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- April 20, 2006
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Resources for Prospective Graduate Students
- Essential Words for the GRE by Philip Geer Ed.M.
- Get Into Graduate School: A Strategic Approach for Master's & Doctoral Candidates by Kaplan
- Graduate Admissions Essays: Write Your Way into the Graduate School of Your Choice by Donald Asher
- Graduate Schools in the U.S. 2011 by Peterson's
- Graduate School and You: A Guide for Prospective Graduate Students by Clara Sue Kidwell and Cheryl A. Flagg
Other ResourcesFlashcard Software:
Timetable for Applying to Graduate School1
- Write a draft statement of purpose/personal statement.
- Start browsing through guides to graduate programs, Web sites, and college catalogs.
- Begin studying for required standardized tests.
- Meet with faculty members you know to discuss your personal statement and learn about possible programs.
- Ask for letters of recommendations.
- Begin to develop your personal timeline for the application process.
- Sign up for required standardized tests.
- Take standardized tests.
- Determine the schools to which you plan to apply, and request application materials.
- Contact programs about the possibility of visiting. Make trips if possible.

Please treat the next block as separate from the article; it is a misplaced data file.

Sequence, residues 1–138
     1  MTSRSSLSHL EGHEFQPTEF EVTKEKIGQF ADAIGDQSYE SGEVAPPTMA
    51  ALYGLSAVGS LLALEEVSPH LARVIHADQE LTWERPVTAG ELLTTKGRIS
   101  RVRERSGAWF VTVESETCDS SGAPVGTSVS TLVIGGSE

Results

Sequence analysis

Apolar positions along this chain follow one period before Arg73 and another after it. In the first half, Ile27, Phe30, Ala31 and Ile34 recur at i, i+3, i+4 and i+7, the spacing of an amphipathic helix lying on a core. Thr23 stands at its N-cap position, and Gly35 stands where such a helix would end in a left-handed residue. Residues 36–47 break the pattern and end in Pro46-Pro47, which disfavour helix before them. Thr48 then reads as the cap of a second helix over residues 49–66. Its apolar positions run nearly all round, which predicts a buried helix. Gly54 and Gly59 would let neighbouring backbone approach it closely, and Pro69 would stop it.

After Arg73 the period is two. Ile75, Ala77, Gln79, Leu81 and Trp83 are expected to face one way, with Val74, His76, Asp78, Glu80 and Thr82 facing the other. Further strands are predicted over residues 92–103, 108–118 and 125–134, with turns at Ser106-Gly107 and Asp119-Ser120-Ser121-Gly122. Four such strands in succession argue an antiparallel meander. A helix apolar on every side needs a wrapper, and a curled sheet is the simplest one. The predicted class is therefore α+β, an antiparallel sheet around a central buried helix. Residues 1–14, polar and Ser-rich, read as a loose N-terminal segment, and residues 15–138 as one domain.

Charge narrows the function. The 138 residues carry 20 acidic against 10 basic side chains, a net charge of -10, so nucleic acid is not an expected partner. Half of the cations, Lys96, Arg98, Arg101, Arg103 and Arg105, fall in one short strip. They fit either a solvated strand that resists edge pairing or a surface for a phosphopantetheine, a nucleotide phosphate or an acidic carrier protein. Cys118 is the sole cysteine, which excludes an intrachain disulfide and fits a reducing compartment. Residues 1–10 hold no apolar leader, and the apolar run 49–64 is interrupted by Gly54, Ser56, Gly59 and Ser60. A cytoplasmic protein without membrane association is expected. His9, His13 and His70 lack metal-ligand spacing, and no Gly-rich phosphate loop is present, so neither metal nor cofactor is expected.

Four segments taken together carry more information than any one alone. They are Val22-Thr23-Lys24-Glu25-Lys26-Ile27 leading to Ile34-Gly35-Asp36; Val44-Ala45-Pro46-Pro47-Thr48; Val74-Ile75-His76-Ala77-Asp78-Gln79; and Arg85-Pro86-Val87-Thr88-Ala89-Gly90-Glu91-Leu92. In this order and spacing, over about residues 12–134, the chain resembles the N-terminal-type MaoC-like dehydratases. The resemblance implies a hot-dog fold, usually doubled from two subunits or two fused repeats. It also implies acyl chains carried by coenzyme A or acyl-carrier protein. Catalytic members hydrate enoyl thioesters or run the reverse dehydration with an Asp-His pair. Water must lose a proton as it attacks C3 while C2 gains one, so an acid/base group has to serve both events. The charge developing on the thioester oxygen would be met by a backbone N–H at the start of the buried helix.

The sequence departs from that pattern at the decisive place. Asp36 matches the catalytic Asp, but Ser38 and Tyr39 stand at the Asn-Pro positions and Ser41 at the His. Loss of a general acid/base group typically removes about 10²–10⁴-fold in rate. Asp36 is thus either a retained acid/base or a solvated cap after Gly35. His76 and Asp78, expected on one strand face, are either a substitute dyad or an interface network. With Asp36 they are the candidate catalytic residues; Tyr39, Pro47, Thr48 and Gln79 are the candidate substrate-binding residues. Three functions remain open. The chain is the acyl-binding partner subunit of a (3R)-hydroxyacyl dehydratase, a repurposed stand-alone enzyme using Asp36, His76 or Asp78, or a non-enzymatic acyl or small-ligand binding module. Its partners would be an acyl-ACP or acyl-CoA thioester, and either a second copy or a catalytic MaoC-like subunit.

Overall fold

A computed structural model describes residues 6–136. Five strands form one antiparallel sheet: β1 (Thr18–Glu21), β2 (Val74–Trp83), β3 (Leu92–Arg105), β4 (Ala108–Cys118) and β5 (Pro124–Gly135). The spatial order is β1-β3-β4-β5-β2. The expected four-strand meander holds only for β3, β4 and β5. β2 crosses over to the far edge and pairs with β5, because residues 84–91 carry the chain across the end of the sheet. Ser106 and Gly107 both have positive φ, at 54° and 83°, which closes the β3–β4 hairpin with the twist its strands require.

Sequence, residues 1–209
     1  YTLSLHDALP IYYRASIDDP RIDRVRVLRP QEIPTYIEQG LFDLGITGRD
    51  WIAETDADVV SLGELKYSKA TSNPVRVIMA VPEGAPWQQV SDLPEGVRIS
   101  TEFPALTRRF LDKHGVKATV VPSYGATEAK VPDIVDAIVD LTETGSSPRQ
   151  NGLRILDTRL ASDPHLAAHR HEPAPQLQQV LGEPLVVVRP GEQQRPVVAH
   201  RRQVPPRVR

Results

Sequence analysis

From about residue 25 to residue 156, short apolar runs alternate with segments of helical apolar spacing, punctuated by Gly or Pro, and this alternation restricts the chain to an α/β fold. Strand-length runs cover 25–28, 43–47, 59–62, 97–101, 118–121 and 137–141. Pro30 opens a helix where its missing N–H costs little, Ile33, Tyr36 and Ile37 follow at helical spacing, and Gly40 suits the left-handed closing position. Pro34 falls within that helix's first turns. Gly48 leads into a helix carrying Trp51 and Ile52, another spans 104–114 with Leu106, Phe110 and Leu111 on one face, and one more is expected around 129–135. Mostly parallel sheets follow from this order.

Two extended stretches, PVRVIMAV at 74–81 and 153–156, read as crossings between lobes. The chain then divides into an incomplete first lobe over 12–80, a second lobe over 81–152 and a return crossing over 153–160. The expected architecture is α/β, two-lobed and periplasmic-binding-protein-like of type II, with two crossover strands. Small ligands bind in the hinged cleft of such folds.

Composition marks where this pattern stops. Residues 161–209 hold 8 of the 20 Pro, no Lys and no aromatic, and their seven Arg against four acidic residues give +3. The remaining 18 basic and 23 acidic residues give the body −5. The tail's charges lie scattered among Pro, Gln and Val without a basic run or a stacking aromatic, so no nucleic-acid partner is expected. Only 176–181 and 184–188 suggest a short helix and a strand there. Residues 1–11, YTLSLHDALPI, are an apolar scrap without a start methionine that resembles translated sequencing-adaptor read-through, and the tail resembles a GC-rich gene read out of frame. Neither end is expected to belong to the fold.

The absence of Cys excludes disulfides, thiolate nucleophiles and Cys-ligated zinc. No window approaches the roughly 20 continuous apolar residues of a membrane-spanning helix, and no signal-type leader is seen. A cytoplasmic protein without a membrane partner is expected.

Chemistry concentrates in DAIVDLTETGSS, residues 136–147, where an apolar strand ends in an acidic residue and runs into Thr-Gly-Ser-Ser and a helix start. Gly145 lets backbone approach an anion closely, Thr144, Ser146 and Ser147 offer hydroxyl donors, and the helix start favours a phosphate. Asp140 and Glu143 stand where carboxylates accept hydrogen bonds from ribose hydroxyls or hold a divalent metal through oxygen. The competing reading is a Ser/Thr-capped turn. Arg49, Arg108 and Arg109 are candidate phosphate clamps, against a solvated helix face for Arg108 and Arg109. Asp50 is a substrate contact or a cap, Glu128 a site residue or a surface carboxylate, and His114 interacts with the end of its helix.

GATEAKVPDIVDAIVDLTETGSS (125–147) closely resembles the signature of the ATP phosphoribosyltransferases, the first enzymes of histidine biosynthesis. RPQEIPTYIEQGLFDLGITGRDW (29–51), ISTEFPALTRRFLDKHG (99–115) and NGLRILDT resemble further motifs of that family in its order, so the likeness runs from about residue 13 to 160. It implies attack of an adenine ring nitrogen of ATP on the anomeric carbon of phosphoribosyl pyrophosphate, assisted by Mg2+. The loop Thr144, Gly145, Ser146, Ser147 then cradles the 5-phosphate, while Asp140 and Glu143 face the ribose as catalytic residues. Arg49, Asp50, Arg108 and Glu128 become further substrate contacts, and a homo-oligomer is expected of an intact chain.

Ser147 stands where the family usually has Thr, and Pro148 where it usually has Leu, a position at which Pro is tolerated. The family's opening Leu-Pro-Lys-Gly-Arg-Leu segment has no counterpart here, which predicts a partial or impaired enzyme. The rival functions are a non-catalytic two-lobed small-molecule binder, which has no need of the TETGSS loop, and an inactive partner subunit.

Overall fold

- Finish your timeline based on each institution's application and financial aid deadlines.
- Complete your personal statement, adjusting it to meet each application's specific needs.
- Order transcripts from all postsecondary institutions (If fall-term grades are expected, check with the staff in the registrar's office to see if a transcript including fall-term grades can be sent in time to meet the deadlines of programs to which you are applying).
- Complete application forms (First download the form from the university website and do a draft).
- Give your recommenders all the information that they will need to write recommendations for you for each of your application schools. Be sure to give them plenty of time.
- Submit applications. Even if deadlines are later, it is good to get the applications in early.
- If you are applying for need-based financial aid programs, you may have to file a copy of your federal income tax return.
Graduate School and You: A Guide for Prospective Graduate Students